Officials say a bridge across Sabino Creek would ease traffic congestion.
They should write a novel called "The Bridges of Sabino Canyon."
A once-popular boarding school in the Sabino Canyon area — which attracted children of prominent families — is taking a year off to reinvent itself due to sagging enrollment and finances.
Sabino Creek stopped flowing at Sabino Dam northeast of Tucson on April 17 — about three weeks earlier than it has dried up in recent years, water officials reported.
Sabino Canyon, a spectacular slash in the Catalina Mountains northeast of Tucson, now attracts 1 million visitors a year — and federal officials say the canyon’s 21-year-old recreation plan is due for a makeover.
Patience rather than speed will be the word to remember in today’s El Tour de Tucson.
The Star's Doug Kreutz visits Sabino Dam to enjoy and share the soothing flow of runoff rainwater in Sabino Creek.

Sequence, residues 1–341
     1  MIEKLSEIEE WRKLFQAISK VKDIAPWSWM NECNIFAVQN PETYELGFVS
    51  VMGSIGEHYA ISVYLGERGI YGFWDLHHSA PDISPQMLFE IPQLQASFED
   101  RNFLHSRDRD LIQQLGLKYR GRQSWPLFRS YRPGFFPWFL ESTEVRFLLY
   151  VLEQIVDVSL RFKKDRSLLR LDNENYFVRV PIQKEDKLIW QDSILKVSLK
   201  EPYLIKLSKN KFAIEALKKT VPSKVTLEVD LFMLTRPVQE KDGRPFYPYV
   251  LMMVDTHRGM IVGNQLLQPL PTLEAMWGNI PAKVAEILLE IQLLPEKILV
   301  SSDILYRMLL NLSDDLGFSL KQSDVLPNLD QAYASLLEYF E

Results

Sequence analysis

Charlotte Calhoun, left, and her brother, Colten, scout for interesting rocks in one of Sabino Canyon's clear pools. The children, from Coldwater, Mich., were in the canyon Tuesday - a good time to see the creek flow.
The flow was strong enough Sunday to send water over the Sabino Dam, where some visitors were able to enjoy the sight and sound.
Sabino Creek, which was bone-dry for months due to an ongoing drought, is flowing again, thanks to runoff from melting snow in the Catalina Mountains.
Joseph Ratliff, 16, left, and James Khoury, 13, play on the rocks as water in Sabino Creek cascades over the Sabino Canyon dam.
The water wasn't high enough last week to keep the trams from crossing the many bridges that span Sabino Creek in Sabino Canyon, a hiking and tourist mecca that attracts visitors in every season.
Sabino Creek's waters flow by a downed tree in the canyon. Recent rains have turned the usual beginning-of-summer trickle into a watery onslaught.